Hunter cursed himself silently. He hadn’t been here yesterday. He should have been. He calmly whipped out his cell phone, and placed a call in to Chip. “Hey, Chip, we have a situation at the McCormick place. Lawrence has been in an apparently comatose state for two days.”

“I’ll get a team down there. How is he?”

“Well, he’s lying flat, and he seems to have been kept warm”

“Great. See you in five.”
And Lawrence had been kept warm. Several small knitted blankets, knitted in many colors, neatly adorned his body like a patchwork quilt. Norma broke into tears. “It’s gonna be alright, Miss Norma,” said Hunter, and pulled her close to wait for the ambulance.

* * *

There was nothing Norma wanted better than to have a good, long cry. But she had to pull herself together. She knew Larry was counting on her. So she stood up, and excused herself. She needed to fetch Oliver.

“Heeeeeeeeeeeere keety keety keety!”

* * *

Is everything ready?

Yes.
Do you have your yarn?

Yes.
So he was finally good for something.

Wretched cat. Never liked the things.
It is time.

* * *
The small hospital room seemed so big to Norma, with Larry lying there so tiny. But he’d be back soon. Oh yes, back soon. She felt in her bag for the yarn. It looked like eyelash yarn, and was the verrigated colors of a marmalade tabby. Oh yes, she was ready.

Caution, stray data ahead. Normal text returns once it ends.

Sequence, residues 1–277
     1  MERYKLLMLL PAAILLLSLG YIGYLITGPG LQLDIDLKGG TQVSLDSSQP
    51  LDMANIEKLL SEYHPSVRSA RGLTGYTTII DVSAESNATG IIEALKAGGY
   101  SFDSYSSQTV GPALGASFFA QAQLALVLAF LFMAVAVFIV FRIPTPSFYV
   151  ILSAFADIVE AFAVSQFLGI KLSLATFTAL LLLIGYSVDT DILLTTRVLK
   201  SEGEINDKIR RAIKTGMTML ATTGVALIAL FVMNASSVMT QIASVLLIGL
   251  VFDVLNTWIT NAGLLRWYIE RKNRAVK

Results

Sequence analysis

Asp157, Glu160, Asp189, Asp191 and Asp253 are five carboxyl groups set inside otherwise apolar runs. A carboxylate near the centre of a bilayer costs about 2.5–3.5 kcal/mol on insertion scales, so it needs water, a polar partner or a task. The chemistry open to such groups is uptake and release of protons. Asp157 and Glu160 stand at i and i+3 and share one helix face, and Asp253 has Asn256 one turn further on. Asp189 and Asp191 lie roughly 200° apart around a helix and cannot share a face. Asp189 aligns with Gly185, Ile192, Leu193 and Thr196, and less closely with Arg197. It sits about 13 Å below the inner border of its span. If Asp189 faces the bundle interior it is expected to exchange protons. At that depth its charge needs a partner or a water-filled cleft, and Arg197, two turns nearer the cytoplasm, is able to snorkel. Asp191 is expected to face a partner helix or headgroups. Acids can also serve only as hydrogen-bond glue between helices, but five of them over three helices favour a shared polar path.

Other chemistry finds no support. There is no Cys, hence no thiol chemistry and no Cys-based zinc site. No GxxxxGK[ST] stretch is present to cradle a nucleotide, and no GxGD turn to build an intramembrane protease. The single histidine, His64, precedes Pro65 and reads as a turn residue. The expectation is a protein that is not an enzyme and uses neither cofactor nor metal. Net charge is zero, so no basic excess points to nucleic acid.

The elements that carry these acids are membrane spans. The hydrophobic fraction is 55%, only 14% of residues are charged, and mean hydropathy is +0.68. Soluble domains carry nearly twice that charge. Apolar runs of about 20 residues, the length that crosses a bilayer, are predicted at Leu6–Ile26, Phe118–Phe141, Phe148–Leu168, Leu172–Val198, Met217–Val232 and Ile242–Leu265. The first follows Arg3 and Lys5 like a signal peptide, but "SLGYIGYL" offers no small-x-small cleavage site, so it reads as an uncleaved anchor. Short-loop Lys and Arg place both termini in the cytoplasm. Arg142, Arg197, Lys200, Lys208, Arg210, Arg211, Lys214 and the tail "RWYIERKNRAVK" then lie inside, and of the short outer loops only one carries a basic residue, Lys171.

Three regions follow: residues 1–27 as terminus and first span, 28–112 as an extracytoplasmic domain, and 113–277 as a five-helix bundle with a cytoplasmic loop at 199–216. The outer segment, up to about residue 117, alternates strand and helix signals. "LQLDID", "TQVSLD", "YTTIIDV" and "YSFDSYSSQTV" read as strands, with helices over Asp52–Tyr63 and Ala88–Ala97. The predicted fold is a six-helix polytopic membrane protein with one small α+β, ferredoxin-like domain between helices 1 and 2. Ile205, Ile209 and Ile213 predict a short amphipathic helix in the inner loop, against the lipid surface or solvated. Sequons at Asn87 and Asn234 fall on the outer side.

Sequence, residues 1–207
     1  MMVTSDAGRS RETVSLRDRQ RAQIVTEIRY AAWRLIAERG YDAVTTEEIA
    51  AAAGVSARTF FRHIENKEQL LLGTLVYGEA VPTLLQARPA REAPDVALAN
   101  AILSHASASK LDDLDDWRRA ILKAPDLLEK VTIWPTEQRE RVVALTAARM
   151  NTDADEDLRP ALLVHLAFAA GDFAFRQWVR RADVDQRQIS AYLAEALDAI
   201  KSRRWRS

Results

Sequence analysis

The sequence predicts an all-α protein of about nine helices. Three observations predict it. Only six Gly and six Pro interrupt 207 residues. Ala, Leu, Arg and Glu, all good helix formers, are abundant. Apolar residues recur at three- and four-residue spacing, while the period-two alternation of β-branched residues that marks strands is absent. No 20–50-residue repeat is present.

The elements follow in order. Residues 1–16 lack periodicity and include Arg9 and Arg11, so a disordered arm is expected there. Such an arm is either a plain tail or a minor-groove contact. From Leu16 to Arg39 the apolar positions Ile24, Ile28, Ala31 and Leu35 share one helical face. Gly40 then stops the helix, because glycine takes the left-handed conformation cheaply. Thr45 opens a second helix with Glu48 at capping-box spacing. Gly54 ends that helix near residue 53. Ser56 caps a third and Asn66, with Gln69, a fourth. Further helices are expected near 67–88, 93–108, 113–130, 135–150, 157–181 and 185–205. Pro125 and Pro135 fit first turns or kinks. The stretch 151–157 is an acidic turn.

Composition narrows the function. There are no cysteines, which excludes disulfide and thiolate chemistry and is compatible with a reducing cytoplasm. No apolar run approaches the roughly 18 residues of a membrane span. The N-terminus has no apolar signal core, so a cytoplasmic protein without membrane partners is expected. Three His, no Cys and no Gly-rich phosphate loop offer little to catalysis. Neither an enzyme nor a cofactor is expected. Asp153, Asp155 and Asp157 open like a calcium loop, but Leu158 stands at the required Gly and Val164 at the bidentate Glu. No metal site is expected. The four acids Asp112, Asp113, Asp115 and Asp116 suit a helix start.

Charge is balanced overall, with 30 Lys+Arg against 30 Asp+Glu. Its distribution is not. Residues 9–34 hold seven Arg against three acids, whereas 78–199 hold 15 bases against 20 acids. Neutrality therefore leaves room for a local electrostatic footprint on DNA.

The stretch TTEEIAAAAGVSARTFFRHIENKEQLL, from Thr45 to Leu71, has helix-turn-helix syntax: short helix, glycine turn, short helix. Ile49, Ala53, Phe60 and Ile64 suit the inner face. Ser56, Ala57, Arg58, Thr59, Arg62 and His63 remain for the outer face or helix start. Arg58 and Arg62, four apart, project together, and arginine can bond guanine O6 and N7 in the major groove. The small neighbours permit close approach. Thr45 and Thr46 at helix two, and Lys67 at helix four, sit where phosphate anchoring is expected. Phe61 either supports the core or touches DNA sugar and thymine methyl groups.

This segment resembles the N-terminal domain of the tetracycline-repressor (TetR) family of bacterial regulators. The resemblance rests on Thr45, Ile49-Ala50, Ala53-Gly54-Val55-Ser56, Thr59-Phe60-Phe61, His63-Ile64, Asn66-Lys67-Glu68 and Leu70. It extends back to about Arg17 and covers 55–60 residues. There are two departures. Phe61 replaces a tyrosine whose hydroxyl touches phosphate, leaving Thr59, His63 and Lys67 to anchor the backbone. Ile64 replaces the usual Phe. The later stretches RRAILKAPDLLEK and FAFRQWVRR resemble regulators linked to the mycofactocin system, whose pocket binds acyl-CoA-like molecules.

* * *
Hunter saw the way Norma clutched Lawrence’s hand, heard the monitor beep. He knew when it happened, just as Norma cried out. “Oh Miss Norma,” he said thickly, folding her into a bear hug. “I’m so, so sorry.” Norma went through the motions of hugging him, but he could see she wasn’t all there. As she looked behind him, to a place near the door, her eyes flashed red.

* * *
Part Three: Needles

Norma insisted on taking him herself to bury him. “With his family in New York,” she said, and insisted on going alone. “I’m bringing Larry home.” So Hunter helped her with her bag, and packed her and the former Lawrence into that big old van, and said a semi-tearful goodbye. When Miss Norma made up her mind, there was nothing he could do to stop her.

* * *

In the little cabin in New York, a knife flashed. Moving quickly, bone was exposed, removed, saved.

Norma buried her Larry in the woods, where he would have wanted to be. It was a shallow grave, but it didn’t matter. No one knew about this place. She said what prayers she remembered, and smiled. She sat down on a musty stump, and began to make a new set of knitting needles.


Larry was coming home.

* * *

Hunter drove home more slowly now. It had been a long day. He needed to talk to Margaret, put the day in perspective. His day was immediately brightened, as he saw their black lab puppies, Debbie and Devon, come bouncing through the door to meet him. Hunter adored them, and called them his little girls, his babies. It’s hard to be sad when fifty pounds of puppy love is sitting on your shoes and begging for a scratch behind the ears.

Margaret followed them, laughing. “Hi, honey, how was your day?” she said, giving him a cheerful peck on the cheek. He laughed too. No need to spoil her mood.

* * *
It is time.

Yes.
Do you have everything?

I do.
Begin.